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Choice of implant

As bridge plating spans a long section of the bone, the length of the implant has to be chosen accordingly. Usually a narrow large fragment plate is selected.

If the cortex of the humerus is thin, screw fixation is compromised. Particularly with osteoporosis, it is safer to fill all the screw holes. Multiple screws add torsional stability and decrease the risk of failure. 

An angular stable plate is a good option in osteoporotic bone. Also, with short proximal segments, consideration should be given to angular stable plating with a long blade plate or locking compression plate, with screws in the humeral head.

In the past, the broad plate has been advised to allow staggered screw holes. This is not necessary, but the screws may be inserted divergently to achieve this effect on the far cortex.


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Contouring the plate

Depending upon the planned plate location, some contouring of the plate may be necessary. This is true distally on the posterior surface, and also centrally on the anterolateral surface.

Sometimes, twisting the plate around the shaft of the humerus provides better fit and allows for a longer plate.

To match the orientation of the anterolateral surface of the distal humerus, the distal end of the plate will need to be twisted internally.

Contouring is aided by first achieving a provisional reduction using the large distractor or an external fixator. A malleable template is helpful for matching contours of proximal and distal segments.


Pitfall: Avoid soft tissue damage

During contouring and application of the bridge plate, the soft tissues attached to the fracture fragments must be preserved. Provisional fracture stabilization and minimal handling of the fracture site are the keys to this.


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Plate application

Apply the properly contoured plate to the proximal fragment, so that it is correctly aligned with the humeral axis. When the plate fits satisfactorily against the proximal segment, it can be attached provisionally with a single bicortical screw. While the plate is held manually against the bone, the screw is inserted.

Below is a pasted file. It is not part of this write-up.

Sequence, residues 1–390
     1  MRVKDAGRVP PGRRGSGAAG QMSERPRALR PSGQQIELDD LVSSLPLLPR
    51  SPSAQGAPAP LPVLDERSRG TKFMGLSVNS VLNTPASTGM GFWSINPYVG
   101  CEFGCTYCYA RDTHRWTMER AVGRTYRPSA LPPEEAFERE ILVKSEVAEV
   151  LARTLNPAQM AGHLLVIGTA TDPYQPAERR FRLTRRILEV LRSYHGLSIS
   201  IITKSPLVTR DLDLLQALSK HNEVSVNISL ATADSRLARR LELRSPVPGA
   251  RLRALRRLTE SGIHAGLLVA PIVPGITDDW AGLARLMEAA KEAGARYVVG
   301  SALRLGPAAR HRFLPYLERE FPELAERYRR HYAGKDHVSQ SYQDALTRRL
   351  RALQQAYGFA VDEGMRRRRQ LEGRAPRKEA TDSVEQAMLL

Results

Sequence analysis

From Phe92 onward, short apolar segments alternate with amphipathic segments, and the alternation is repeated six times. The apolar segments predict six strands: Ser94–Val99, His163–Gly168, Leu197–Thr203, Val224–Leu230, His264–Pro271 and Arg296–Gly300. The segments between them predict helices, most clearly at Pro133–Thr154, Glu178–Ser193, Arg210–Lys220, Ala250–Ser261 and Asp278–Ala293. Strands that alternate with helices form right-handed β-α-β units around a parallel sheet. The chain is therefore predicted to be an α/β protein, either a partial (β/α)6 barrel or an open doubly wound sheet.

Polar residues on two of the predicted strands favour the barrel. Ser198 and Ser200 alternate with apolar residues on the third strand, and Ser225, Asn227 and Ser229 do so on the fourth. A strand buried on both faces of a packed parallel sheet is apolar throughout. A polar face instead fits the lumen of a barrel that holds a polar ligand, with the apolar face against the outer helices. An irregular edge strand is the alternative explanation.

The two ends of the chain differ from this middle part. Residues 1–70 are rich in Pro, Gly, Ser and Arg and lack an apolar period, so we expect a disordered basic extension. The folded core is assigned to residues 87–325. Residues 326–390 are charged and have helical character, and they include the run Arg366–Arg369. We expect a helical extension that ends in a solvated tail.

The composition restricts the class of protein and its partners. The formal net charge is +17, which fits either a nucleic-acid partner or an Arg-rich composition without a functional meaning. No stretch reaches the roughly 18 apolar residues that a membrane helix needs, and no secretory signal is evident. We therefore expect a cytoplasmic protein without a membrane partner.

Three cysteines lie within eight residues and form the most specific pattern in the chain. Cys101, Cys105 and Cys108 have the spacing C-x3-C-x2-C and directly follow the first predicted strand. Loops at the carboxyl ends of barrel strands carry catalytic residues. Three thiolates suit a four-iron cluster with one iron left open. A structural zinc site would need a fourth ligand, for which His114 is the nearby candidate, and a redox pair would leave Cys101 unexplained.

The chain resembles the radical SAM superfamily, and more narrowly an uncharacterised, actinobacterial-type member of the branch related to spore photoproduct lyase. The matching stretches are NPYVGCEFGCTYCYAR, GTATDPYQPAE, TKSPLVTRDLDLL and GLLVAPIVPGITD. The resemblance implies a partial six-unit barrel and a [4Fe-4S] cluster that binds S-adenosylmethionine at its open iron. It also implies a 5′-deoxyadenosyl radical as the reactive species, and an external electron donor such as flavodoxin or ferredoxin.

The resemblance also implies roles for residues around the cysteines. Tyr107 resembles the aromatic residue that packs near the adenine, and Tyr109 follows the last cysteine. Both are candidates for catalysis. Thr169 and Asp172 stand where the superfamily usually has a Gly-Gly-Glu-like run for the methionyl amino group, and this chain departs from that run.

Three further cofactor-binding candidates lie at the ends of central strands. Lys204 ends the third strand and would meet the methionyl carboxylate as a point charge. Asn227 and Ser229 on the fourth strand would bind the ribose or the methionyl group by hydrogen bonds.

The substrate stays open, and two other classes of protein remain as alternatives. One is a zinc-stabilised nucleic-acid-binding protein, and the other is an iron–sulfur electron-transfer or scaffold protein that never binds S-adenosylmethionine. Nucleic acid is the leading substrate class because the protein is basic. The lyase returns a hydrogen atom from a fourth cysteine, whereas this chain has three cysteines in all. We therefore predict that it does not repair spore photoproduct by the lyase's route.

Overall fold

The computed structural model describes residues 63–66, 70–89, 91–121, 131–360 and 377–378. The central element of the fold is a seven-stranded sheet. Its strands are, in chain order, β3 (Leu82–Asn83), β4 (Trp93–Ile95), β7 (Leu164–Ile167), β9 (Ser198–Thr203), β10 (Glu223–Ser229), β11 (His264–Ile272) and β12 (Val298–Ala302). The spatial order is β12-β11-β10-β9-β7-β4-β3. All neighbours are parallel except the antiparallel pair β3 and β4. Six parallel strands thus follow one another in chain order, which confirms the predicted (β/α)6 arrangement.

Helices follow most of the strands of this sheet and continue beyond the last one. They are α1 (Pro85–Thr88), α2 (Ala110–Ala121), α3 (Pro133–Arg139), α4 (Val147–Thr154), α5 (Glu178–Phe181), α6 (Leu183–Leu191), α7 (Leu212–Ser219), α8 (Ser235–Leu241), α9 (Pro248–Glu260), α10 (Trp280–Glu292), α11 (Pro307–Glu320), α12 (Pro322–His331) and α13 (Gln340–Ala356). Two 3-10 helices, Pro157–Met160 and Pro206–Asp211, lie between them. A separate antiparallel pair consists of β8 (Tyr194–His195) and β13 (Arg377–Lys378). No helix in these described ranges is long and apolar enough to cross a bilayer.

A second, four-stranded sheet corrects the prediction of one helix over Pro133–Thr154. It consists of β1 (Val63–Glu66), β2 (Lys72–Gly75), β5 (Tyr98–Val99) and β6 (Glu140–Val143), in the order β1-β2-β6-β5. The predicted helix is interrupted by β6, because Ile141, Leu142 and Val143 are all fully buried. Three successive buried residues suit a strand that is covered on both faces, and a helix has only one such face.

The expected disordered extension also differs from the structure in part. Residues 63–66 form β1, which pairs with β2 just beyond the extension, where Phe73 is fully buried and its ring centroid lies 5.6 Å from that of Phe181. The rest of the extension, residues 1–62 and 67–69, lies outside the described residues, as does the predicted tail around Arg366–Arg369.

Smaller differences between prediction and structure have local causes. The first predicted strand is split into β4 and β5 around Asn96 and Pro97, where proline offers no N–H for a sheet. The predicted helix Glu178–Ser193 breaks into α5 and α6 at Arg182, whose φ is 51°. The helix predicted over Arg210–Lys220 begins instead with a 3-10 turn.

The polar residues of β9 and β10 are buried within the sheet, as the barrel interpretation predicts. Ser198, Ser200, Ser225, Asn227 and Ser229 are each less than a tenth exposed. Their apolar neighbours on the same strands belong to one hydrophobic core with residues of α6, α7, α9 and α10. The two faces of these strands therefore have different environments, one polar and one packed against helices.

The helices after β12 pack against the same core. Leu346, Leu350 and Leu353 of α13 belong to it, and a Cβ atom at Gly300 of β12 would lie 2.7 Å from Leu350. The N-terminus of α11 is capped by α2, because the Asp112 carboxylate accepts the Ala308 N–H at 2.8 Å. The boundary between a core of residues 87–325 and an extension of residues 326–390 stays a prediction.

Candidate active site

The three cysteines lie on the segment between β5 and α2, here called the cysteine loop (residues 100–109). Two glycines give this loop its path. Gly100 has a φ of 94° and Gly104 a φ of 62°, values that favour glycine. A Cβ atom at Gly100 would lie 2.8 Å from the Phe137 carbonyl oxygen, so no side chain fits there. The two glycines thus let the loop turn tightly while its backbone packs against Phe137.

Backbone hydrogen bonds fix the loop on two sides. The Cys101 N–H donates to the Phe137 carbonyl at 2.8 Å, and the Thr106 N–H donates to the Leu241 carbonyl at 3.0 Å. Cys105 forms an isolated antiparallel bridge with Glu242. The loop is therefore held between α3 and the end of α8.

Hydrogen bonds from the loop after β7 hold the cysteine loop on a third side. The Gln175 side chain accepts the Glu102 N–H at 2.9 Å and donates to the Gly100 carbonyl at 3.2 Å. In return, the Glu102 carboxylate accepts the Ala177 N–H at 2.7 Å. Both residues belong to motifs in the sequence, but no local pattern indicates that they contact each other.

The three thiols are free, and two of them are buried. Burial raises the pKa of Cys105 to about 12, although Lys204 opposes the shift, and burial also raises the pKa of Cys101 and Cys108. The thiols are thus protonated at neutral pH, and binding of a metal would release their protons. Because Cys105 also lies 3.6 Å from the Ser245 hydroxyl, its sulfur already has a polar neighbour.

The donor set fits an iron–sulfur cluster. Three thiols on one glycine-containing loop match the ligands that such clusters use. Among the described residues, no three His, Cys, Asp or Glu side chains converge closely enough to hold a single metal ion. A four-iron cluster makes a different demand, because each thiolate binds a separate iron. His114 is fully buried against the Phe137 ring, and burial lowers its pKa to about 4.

Sometimes it is helpful to clamp the plate to the proximal fragment of the humerus with a bone forceps.

Applying the plate to the distal fragment will correct rotation and axial alignment.
In the lateral view the plate must be parallel to the longitudinal axis of the humerus. If alignment is satisfactory, apply a second screw to secure the plate proximally in this correct position.


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Alignment and fixation of the distal fragment

Once the plate is satisfactorily fixed proximally, the distal fragment is brought into alignment against the plate.

Often the plate can be held manually against the bone, and a first distal screw inserted.

Sometimes it is helpful to clamp the plate to the humerus with a bone forceps as shown. Carefully pass the forceps close against the bone during application in order to avoid injury to adjacent nerves.


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Another option is the use of the push-pull reduction device, from the LCP set, as shown here.


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Plate fixation

If the alignment is satisfactory, add a second distal screw, and reconfirm alignment. At this moment, the plate is attached to the humeral shaft with two screws in the proximal, and two in the distal fragment.

If fragment length permits, use four bicortical screws in each main fragment. For both major fragments, place one screw as close as practicable to the fracture, and the second at the end of the plate.

Confirm the reduction, plate position, and screw length under image intensification.

v1.0 2006-09-14